The world of Stephen King adaptations is a complete minefield, mainly by volume -of adaptations, but also by works published by the writer- but also because not all authors have the same resources to transfer these particular worlds to audiovisual language. There are, of course, undeniable classics, which all come to mind. There are also hidden gems, but they can be tricky to find.
One of them is ‘The secret Window‘, which is not going to be one of those titles that appears immediately in a compilation of best movies based on his novels. First, because the original story is part of a compilation of short stories called “Four After Midnight”, it is not a reference work. second because its particular somewhat playful thriller tone has led to a certain misunderstanding at a time when the adult thriller was taken for granted. Fortunately, it is time to claim it, now that it is in the Netflix catalog.
a criminal pen
Following his periodic tendency to do literally stories about writers to discuss the art of writingthis story by King makes us follow a blocked author (Johnny Depp), trapped in a drought that leads to a certain downward spiral. But that will be the least of his problems when, as soon as he begins, he is visited by a strange man (John Turturro) who you accuses of having plagiarized one of his stories and expect some compensation.
The rest of the story beyond the premise is best learned through the movie’s narration. David Koppwho makes here one of his specific steps to directing in addition to performing the work of screenwriter -which is what has given him a name in Hollywood-.
Koepp has written various successes, which have included great fantasies such as ‘Jurassic Park’, ‘Spider-Man’ or ‘Death suits you so well’, but what seems to move him the most are those B-series thrillers of Hitchcockian heritage which he then performs with taste and medium production resources, such as ‘Panic Room’ or the recent ‘Kimi’.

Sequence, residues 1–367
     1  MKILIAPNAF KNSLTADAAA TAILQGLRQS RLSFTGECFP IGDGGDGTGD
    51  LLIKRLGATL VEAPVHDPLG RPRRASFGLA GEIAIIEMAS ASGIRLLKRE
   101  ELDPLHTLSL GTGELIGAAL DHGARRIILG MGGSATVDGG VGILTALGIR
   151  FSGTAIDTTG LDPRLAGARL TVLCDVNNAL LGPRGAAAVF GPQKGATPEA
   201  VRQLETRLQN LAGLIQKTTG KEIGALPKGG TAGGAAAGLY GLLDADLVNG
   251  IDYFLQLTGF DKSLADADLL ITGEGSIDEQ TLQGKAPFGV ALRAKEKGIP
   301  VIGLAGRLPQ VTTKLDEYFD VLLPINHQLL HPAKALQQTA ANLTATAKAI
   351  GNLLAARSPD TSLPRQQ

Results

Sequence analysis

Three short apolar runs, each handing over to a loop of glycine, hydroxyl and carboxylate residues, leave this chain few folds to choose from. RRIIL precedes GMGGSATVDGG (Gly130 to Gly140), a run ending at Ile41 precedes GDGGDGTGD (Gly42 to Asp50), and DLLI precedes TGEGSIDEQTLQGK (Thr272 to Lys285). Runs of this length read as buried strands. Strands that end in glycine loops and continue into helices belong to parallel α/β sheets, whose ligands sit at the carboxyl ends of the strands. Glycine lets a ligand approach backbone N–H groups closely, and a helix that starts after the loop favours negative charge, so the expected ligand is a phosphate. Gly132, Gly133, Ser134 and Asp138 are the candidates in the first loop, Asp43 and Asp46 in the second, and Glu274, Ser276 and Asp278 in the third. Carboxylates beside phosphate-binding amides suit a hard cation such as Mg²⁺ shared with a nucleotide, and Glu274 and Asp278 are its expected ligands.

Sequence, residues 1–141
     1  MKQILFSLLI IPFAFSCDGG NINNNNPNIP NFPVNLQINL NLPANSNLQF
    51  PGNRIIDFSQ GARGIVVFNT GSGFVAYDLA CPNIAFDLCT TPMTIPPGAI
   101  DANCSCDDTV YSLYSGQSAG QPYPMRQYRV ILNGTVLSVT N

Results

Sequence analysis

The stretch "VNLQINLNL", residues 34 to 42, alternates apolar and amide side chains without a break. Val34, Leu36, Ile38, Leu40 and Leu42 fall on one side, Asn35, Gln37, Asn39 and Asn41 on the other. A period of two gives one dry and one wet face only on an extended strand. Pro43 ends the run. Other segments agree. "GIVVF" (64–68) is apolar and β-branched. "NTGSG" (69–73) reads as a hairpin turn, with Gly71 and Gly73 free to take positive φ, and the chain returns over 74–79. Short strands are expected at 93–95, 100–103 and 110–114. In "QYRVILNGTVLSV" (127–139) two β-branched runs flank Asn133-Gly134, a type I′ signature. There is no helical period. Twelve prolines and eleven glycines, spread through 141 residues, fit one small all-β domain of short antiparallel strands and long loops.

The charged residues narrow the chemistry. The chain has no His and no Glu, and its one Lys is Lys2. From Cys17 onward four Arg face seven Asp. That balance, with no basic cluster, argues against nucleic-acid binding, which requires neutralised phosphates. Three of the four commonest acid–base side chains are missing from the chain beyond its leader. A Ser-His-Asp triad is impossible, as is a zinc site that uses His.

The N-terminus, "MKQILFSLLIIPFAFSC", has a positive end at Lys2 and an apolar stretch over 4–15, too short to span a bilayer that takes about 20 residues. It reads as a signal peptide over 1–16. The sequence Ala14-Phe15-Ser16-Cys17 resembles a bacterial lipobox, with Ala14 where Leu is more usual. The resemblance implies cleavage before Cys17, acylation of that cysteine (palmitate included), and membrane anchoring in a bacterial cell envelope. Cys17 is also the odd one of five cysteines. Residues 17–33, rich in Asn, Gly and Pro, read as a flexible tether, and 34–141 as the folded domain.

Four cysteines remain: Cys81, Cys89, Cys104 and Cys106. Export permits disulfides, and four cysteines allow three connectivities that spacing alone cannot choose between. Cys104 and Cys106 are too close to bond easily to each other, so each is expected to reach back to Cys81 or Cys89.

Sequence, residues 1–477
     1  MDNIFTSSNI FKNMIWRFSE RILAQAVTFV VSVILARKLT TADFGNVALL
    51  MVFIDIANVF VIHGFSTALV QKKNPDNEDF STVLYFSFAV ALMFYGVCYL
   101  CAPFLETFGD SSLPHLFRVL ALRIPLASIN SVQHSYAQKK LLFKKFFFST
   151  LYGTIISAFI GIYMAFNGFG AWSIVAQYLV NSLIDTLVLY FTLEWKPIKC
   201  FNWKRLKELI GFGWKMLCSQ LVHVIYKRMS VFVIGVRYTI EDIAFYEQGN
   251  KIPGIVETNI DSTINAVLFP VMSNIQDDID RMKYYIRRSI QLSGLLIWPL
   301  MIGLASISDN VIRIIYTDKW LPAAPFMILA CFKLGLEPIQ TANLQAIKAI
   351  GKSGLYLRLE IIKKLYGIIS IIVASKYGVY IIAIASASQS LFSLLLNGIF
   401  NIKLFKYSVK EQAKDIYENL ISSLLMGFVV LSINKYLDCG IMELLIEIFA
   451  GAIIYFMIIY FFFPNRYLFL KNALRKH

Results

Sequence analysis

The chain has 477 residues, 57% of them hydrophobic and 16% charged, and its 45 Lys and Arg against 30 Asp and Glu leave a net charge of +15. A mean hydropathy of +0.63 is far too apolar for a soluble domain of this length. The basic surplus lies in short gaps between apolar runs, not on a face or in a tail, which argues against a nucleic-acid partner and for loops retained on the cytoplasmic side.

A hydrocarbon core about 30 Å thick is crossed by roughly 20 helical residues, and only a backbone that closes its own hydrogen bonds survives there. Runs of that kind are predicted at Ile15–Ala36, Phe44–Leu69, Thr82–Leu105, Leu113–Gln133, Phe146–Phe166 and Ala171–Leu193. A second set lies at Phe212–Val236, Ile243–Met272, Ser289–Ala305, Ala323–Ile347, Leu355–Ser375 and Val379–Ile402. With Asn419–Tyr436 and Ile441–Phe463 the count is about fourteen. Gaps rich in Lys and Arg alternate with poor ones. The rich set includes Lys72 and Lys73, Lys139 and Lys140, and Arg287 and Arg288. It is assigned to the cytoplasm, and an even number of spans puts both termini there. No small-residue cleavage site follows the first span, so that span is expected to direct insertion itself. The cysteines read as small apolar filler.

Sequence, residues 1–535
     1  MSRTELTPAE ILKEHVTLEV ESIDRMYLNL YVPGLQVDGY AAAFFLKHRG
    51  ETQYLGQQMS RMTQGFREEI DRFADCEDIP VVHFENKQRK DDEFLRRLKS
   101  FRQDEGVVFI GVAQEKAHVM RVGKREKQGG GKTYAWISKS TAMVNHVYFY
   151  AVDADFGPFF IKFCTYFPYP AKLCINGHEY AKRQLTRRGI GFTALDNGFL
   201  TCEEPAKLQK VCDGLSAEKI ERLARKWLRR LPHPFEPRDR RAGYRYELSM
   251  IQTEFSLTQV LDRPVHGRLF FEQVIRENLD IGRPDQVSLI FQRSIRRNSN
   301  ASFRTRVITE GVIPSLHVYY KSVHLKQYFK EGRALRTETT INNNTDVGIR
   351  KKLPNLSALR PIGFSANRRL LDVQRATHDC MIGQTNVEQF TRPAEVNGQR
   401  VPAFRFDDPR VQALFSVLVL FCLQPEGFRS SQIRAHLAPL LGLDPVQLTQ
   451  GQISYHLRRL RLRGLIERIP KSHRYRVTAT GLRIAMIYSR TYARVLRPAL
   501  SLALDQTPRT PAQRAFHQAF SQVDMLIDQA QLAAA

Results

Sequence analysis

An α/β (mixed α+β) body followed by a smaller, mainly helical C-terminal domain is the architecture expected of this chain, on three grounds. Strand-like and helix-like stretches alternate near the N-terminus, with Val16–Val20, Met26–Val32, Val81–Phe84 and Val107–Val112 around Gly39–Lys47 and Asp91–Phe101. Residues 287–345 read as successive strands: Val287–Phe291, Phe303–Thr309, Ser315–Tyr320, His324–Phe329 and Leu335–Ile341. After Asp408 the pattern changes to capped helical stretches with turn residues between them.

That spirit is the one that mainly drives ‘The Secret Window’, dominated by that somewhat shameless psychological thriller tone that is not afraid to pull on a twisted sense of humor. Sometimes this humor thrown in a very fine way, like the scene in which Depp’s character spies on his ex-wife and ends up quoting the song ‘Once In a Lifetime’ by the talking heads.The influence of Hitchcock is also noticeable there, in addition to how its protagonist is unexpectedly accused of a crime he never committedeven though they differ in execution.
‘The secret window’: intricate thriller with a fabulous Johnny Depp
His plot twists will have more or less effect, they could even be described as predictable, but Koepp’s direction is always intricate and playful enough to make the film work. But what really makes her stand out is Johnny Deppwho does one of his best works here.
Not only does it give him an eccentric air that makes this character more than just an accidental protagonist on an adventure he doesn’t want to take. That nuance that it gives helps to sustain the points of greatest twist in the story.
With these elements, ‘The secret window’ becomes the kind of movie that solves a silly afternoon, whether you enjoy adult thrillers or if you like Stephen King’s stories for very coffee lovers. The film knows how to have the best of both, with a very effective narrative, very craftsmanlike, and bringing out the virtues of the author’s writings, including its sharp humor that shoots to its own end. One of the most underrated adaptations of him.